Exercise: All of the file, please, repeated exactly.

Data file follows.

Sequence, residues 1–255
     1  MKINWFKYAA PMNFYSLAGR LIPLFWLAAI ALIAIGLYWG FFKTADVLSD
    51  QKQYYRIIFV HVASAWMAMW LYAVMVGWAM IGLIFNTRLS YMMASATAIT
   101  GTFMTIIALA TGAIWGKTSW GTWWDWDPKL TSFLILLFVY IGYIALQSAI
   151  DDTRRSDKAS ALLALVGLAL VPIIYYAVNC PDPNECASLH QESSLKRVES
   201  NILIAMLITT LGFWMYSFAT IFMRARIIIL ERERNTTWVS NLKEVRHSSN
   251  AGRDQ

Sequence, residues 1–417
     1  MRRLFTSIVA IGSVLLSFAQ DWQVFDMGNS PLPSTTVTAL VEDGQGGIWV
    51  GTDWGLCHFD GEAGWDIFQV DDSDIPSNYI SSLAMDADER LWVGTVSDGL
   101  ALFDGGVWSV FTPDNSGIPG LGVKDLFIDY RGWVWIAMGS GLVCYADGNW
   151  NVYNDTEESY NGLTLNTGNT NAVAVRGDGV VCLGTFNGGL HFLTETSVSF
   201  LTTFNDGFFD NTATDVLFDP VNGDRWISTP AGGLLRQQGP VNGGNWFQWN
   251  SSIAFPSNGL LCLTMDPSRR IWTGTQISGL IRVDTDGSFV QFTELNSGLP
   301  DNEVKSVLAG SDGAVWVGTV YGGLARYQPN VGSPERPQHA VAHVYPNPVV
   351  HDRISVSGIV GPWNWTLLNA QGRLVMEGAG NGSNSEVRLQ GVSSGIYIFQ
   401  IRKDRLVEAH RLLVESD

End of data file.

Sequence, residues 1–255
     1  MKINWFKYAA PMNFYSLAGR LIPLFWLAAI ALIAIGLYWG FFKTADVLSD
    51  QKQYYRIIFV HVASAWMAMW LYAVMVGWAM IGLIFNTRLS YMMASATAIT
   101  GTFMTIIALA TGAIWGKTSW GTWWDWDPKL TSFLILLFVY IGYIALQSAI
   151  DDTRRSDKAS ALLALVGLAL VPIIYYAVNC PDPNECASLH QESSLKRVES
   201  NILIAMLITT LGFWMYSFAT IFMRARIIIL ERERNTTWVS NLKEVRHSSN
   251  AGRDQ

Sequence, residues 1–417
     1  MRRLFTSIVA IGSVLLSFAQ DWQVFDMGNS PLPSTTVTAL VEDGQGGIWV
    51  GTDWGLCHFD GEAGWDIFQV DDSDIPSNYI SSLAMDADER LWVGTVSDGL
   101  ALFDGGVWSV FTPDNSGIPG LGVKDLFIDY RGWVWIAMGS GLVCYADGNW
   151  NVYNDTEESY NGLTLNTGNT NAVAVRGDGV VCLGTFNGGL HFLTETSVSF
   201  LTTFNDGFFD NTATDVLFDP VNGDRWISTP AGGLLRQQGP VNGGNWFQWN
   251  SSIAFPSNGL LCLTMDPSRR IWTGTQISGL IRVDTDGSFV QFTELNSGLP
   301  DNEVKSVLAG SDGAVWVGTV YGGLARYQPN VGSPERPQHA VAHVYPNPVV
   351  HDRISVSGIV GPWNWTLLNA QGRLVMEGAG NGSNSEVRLQ GVSSGIYIFQ
   401  IRKDRLVEAH RLLVESD